Pinecone bird feeders are quick to make and great for your backyard fliers. The combination of peanut butter, lard, or vegetable shortening and a quality seed mixture provide birds with the fat and nutrition they need to stay warm and healthy during the winter.

Supplies

  • Pinecones
  • Peanut butter, vegetable shortening, or lard
  • Birdseed
  • String
  • Knife or wooden spreader
  • Spoon

Directions

  1. Tie a long length of string around the middle of the pinecone
  2. Spread the peanut butter, vegetable shortening, or lard on the pinecone
  3. Sprinkle a thick coating of birdseed on the pinecone, pressing it into the covering so it will stick
  4. Tie the pinecone feeder onto a tree branch or other structure
  5. Watch the birds enjoy their meal!

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You can find Birds: Explore their extraordinary world at these booksellers

Amazon | Barnes & Noble | Books-a-Million

To support your local independent bookstore, order from

Bookshop | IndieBound

Picture Book Review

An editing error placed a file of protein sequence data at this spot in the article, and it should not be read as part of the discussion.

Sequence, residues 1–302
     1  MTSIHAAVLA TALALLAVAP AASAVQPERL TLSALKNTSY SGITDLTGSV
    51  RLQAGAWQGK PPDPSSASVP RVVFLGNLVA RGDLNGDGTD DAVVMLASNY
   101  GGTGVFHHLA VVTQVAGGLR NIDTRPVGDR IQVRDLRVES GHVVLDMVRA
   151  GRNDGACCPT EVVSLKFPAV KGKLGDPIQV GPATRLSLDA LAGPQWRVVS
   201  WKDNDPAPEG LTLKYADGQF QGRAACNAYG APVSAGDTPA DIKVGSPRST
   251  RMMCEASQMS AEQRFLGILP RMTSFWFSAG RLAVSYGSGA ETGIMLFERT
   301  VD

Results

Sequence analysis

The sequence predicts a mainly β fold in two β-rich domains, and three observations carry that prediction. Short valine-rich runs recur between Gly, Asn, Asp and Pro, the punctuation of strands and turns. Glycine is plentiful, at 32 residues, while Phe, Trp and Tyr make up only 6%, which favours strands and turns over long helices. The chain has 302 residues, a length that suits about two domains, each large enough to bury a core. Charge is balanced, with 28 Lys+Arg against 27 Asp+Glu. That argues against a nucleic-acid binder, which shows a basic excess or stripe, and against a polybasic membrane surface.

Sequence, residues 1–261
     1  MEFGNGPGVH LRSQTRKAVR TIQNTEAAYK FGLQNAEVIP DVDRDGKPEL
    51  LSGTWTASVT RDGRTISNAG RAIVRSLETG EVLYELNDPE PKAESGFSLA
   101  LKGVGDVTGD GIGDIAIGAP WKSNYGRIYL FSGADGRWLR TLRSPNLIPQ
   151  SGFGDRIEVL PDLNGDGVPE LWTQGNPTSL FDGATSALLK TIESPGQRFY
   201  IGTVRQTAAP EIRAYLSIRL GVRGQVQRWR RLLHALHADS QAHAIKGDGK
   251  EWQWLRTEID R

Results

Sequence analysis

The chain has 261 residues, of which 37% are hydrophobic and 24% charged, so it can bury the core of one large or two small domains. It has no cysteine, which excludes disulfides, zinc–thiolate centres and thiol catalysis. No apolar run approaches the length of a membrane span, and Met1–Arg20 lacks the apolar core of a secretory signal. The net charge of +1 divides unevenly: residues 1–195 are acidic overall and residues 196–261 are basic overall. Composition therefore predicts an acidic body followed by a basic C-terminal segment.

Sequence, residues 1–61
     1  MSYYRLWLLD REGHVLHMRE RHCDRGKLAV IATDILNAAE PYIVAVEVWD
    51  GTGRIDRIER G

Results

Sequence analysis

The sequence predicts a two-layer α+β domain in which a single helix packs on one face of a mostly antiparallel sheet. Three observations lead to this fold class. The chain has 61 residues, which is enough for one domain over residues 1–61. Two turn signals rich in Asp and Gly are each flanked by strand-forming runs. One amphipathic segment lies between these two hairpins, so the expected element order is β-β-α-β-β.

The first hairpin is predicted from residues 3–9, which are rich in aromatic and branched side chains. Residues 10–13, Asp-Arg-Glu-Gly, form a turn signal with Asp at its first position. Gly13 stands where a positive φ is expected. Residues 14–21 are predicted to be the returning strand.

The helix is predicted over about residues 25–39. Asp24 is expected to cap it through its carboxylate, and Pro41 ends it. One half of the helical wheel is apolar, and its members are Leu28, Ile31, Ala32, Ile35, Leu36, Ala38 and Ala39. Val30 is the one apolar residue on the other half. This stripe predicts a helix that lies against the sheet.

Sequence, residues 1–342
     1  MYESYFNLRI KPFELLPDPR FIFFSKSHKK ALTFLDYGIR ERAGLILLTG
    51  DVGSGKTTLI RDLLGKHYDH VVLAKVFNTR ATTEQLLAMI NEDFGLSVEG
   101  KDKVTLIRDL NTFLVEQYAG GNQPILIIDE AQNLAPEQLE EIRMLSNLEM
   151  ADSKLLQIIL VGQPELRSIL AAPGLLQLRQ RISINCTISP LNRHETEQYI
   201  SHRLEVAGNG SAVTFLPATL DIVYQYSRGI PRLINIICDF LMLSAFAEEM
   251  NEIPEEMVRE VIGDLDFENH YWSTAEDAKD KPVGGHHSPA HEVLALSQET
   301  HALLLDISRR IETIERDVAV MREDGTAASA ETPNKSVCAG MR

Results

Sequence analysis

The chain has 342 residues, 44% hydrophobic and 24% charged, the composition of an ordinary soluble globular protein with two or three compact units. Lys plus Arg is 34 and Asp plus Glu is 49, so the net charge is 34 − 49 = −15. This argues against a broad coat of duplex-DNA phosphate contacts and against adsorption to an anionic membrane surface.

April 21 – It’s Global Astronomy Month

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About the Holiday

Instituted by Astronomers Without Borders, a group who sees in our shared sky an opportunity to create “a global community that appreciates, studies, and shares the wonders of the universe, to broaden perspectives, transcend borders, and improve lives,” The group’s goals are twofold: to inspire and empower a worldwide community of astronomy enthusiasts and educators through astronomy-related programs and to cultivate a diverse, international community dedicated to sharing the Earth’s resources equitably. To try to accomplish these goals, Global Astronomy Month brings people together with arts activities, parties, and special events. To find resources, such as April sky maps in English and Spanish, and more information on how you can participate, visit the Astronomers Without Borders website.

The Little Spacecraft That Could: New Horizons’ Amazing Journey to Pluto and Arrokoth

Written by Joyce Lapin | Illustrated by Simona Ceccarelli